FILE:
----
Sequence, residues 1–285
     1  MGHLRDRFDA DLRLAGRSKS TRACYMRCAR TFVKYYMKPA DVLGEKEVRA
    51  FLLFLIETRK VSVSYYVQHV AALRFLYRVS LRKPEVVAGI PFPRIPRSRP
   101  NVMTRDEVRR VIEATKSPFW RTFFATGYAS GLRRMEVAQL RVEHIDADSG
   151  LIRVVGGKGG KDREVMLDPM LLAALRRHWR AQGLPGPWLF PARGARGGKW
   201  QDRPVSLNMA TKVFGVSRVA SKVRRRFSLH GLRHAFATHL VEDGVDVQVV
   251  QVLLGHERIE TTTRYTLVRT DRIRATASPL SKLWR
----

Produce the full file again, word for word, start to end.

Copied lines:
Sequence, residues 1–285
     1  MGHLRDRFDA DLRLAGRSKS TRACYMRCAR TFVKYYMKPA DVLGEKEVRA
    51  FLLFLIETRK VSVSYYVQHV AALRFLYRVS LRKPEVVAGI PFPRIPRSRP
   101  NVMTRDEVRR VIEATKSPFW RTFFATGYAS GLRRMEVAQL RVEHIDADSG
   151  LIRVVGGKGG KDREVMLDPM LLAALRRHWR AQGLPGPWLF PARGARGGKW
   201  QDRPVSLNMA TKVFGVSRVA SKVRRRFSLH GLRHAFATHL VEDGVDVQVV
   251  QVLLGHERIE TTTRYTLVRT DRIRATASPL SKLWR